There is often a misconception that many divorcing parties want to milk their spouse dry, leaving them to be a homeless bum in a cardboard box on the street. The overwhelming majority of divorcing parties that I’ve encountered do not fall into this category; many are scared and just want to know that, at the end of the day, they’ll get what they need. For those who DO want to milk their spouse dry, the law may not be in their favor.
The maintenance legislation was revamped at the end of 2015 and became effective in January 2016. Under the new law, people who have been out of the workforce for a long time are typically at more of a detriment than they were under the old law. The law sets the maintenance cap at $178,000 of the payor’s income and imposes more stringent and often less generous caps on the duration of the pay-out.
A professional woman who left her high income, fast paced, quickly evolving career 8 years ago to get married and be a full time home-maker, upon the couple’s mutual agreement, may only be entitled to 2.4 years of maintenance under the law, which mandates the pay-out to be 15% – 30% the length of the marriage for marriages up to 15 years. Further, as has always been, the maintenance would be taxable to her as income and tax-deductible to him, netting her less than the designated amount after Uncle Sam’s helpings. This couple may have built themselves up to a comfortable lifestyle based on his income but did not acquire a lot of assets to allocate in equitable distribution. She may feel resentful that her husband now has a glorious career, which he was able to nurture and focus on due to her home-making efforts, and that she will never be able to catch up. Her killer instincts may kick in. She may feel that milking her spouse and hanging him out to dry is the only way she can level the field and get her needs met, especially when trying to spread the resources from one household into two. She may end up knocking her head against a lot of brick walls in such pursuit.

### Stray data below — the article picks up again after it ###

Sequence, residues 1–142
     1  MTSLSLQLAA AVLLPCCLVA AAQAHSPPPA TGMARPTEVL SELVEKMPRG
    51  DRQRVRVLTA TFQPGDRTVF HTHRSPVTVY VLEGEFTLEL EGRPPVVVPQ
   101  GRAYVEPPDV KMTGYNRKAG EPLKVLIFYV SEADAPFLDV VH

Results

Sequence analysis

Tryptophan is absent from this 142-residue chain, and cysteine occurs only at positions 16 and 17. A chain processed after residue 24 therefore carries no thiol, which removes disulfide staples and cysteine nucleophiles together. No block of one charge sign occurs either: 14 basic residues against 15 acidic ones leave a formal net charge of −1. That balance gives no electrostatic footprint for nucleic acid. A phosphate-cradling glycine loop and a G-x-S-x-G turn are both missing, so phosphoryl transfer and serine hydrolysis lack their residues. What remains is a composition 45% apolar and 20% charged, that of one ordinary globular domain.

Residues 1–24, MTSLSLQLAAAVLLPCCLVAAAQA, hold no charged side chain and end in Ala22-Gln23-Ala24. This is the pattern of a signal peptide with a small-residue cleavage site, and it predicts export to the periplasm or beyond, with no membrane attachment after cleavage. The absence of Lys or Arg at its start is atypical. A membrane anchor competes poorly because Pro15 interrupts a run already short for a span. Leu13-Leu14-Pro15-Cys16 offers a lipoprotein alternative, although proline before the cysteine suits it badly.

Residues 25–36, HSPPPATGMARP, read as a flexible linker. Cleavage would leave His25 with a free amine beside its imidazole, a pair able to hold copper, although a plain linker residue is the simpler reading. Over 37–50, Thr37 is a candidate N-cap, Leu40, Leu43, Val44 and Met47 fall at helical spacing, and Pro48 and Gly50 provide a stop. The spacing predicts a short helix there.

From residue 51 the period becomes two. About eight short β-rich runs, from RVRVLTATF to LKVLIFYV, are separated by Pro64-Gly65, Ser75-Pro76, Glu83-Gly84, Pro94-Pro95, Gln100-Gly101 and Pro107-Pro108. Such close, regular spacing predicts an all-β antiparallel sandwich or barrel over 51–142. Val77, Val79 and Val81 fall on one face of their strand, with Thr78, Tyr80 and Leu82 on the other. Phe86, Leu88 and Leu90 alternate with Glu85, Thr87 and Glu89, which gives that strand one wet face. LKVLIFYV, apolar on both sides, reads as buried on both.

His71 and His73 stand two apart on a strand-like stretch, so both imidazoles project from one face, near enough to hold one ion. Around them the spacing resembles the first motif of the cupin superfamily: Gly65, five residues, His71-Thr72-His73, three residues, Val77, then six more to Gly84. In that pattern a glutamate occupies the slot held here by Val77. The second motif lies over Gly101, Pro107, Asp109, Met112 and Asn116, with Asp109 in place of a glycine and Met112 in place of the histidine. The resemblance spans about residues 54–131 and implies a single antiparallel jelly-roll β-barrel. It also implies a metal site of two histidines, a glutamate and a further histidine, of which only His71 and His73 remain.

Under the new law, enhanced earning capacity, which was always a hot and controversial topic surrounding the valuation of licenses and degrees, is no longer considered marital property to be distributed in equitable distribution. We still account for the efforts and contributions the non-titled spouse made to the enhanced earnings of the titled spouse, but the non-titled spouse has the burden of proving what the value is and that their contributions were substantial and direct; if they fail to prove either, no can do! Overall, the distributive awards on enhanced earning claims are uniquely low.
As for equitable distribution of businesses, 5% – 33% is the general range awarded to the non-titled spouse. The non-titled spouse has the burden of proving the value, as well as the direct contributions of the titled spouse and his/her own direct and indirect contributions as the non-titled spouse. Business valuations are often expensive and can significantly balloon the already hefty divorce expenses.
There is also the concept of double and triple dipping, where you’ve captured income too many times. Once an income stream is monetized and distributed towards one pay-out, it cannot be used for another pay-out.
Classic double dipping cases involve intangible assets, such as professional licenses, good will, and the value of a service business, and not tangible income producing assets, such as real-estate. Once the intangible asset has been monetized as an asset (via capitalization of the income to a future period) and distributed as such, it can no longer be counted towards maintenance.
Therefore, non-titled spouses try to argue that what’s on the table is a tangible asset, and the non-titled spouse tries to argue that it’s a service business and play up the goodwill factor involved. Classification of the asset is key.
Surprise! There is also a common desire to want to share in the assets but not the debts. However, courts typically allocate the debt as well; you obviously can’t just take the assets and none of the debts. Once the debts are distributed, what is left of the assets may be nothing to write home about.
Before expending a lot of time, money, energy and resources in a quest to take your spouse to the cleaners, learn what’s involved. You may want to choose your battles carefully.
Feel free to contact The Law & Mediation Offices of Cheryl Stein with any questions.